• Share Freely from? Missions

Well done! If you don’t have any idea what that was all about, don’t worry about it! If you stick around here long enough, you’ll find out! Those are our five values: Bible, Prayer, Family, Community and Missions.

Today we are going to look at that last value, the value of Missions. Missions is our task, our obligation of spreading the gospel and making disciples in our neighborhood and across our nation and around the world. It is the way in which we share freely! We’re going to talk about that today. We are going to do it by looking at Jesus’ last words.

Let me invite you to turn in your Bibles to Matthew 28:18-20. These are Jesus’ very last words to his disciples in Matthew’s gospel. This passage is called “the Great Commission,” and it’s the greatest Missions passage in the Bible. It’s a passage that many of us could quote if we really tried. It is, in some ways, our most basic command as a church.

Today as we look at the Great Commission, here’s what we are going to do. Seated front and center here today are two teams that are going to go serve Jesus among the nations: Kathy, Doug, Matt and Julie (who is with her Dad), just like you heard, are going to go to Mexico with Faith Ministries and build a house for the Zuniga family to live in. Joel Brown and Beau Jones – and they have room for one more, right Joel? – are going to Honduras in January to do the same thing.

What we’re going to do is today as we look at the Great Commission, we are going to make four observations about this command:

  1. Who it’s to?
  2. Who it’s for?
  3. What it is?
  4. How it gets done?

Each of these observations will obviously apply to you, as you go to serve Jesus among the nations so I’ll be speaking to you. These observations are also going to apply to us, as we live our day to day lives. We’re going to make these four observations and, as we do, we’ll be asking ourselves how they relate to us as we all live our lives on mission.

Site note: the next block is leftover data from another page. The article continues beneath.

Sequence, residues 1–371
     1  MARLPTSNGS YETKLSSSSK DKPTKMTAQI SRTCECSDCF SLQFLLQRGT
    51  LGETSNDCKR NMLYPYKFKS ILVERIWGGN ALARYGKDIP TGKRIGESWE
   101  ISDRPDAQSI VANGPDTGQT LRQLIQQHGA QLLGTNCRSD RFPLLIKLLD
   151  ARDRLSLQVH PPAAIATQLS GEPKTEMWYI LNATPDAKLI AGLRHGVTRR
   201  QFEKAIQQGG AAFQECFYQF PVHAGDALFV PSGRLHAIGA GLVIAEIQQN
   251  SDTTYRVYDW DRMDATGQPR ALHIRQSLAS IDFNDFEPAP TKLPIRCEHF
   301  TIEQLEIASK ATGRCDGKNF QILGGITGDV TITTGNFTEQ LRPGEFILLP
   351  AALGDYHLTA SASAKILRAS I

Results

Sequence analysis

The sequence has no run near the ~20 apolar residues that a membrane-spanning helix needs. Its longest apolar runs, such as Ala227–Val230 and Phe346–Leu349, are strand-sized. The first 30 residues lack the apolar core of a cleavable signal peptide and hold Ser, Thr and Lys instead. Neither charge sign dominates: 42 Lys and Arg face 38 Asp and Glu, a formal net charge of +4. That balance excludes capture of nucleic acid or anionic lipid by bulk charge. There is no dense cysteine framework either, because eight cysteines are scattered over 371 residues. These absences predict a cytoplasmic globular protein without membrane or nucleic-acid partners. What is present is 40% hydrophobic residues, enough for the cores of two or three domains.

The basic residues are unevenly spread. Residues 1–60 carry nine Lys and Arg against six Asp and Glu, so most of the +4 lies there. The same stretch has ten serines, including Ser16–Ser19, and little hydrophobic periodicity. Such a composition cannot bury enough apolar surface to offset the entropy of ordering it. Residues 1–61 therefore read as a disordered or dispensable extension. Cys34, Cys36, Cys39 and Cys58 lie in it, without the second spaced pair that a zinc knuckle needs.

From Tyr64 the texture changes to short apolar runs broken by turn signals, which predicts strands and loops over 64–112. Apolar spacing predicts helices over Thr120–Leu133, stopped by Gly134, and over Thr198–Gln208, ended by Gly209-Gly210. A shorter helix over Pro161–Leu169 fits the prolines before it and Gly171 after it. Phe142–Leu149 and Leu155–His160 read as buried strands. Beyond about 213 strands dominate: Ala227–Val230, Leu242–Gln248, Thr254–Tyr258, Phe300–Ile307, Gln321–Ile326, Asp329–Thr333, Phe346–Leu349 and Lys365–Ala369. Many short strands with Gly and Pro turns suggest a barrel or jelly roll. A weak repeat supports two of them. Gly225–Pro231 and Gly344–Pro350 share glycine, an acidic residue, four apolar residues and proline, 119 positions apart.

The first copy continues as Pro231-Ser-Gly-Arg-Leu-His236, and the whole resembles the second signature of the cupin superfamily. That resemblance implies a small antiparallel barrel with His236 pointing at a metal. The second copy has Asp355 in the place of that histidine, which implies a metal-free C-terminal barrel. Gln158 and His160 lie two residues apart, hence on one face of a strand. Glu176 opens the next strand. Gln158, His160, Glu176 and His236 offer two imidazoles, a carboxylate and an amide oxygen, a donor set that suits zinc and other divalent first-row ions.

Let’s read these verses from Matthew 28:18-20, the last scene in the book of Matthew. After Jesus has trained his disciples, and gone to the cross, and risen from the dead, and showed himself to his eleven remaining disciples or Apostles, Matthew tells us one more thing: He tells us that Jesus called his disciples to himself, and he said this:

Then Jesus came to them and said, “All authority in heaven and on earth has been given to me. Therefore go and make disciples of all nations, baptizing them in the name of the Father and of the Son and of the Holy Spirit, and teaching them to obey everything I have commanded you. And surely I am with you always, to the very end of the age.”
– Matthew 28:18-20

This is really the greatest missions passage in the Bible. Each of the gospels closes with some version of the Great Commission. Matthew’s is probably the clearest and best-known. Let’s just make four very simple observations from this passage.

The Command is to each of us

This Great Commission, this command to make disciples, is not just for the people from Bible-times. It’s not just for an elite group of Christian missionaries. This is a command for each and every one of us. Look at the passage again. Jesus says:

“All authority in heaven and on earth has been given to me. 19 Therefore go and make disciples of all nations, baptizing them in the name of the Father and of the Son and of the Holy Spirit, 20 and teaching them to obey everything I have commanded you. And surely I am with you always, to the very end of the age.”
– Matthew 28:18-20

Some people might think that this command is just for the eleven apostles. After all they were the one Jesus was speaking directly to when he said this. So maybe it’s just for them. But it’s not just for them. This is the climax of the book, the conclusion to which everything in Matthew’s gospel has been driving. It’s the point of the book. Matthew wrote this as he and the other Apostles were passing off the scene. I don’t know if you know that but some of the latest books in your New Testament are actually the gospels. You would think they would be the first things written in the New Testament, because they are the story of Jesus which happened before the letters of the New Testament. But they were actually written later as the Apostles began to pass off the scene and weren’t around to tell the story any more.

In writing this Great Commission, Matthew isn’t just telling his readers about an interesting conversation that Jesus had with the eleven Apostles. He’s handing the baton to them. He’s giving his readers a mandate. He’s saying “YOU go make disciples of all nations.”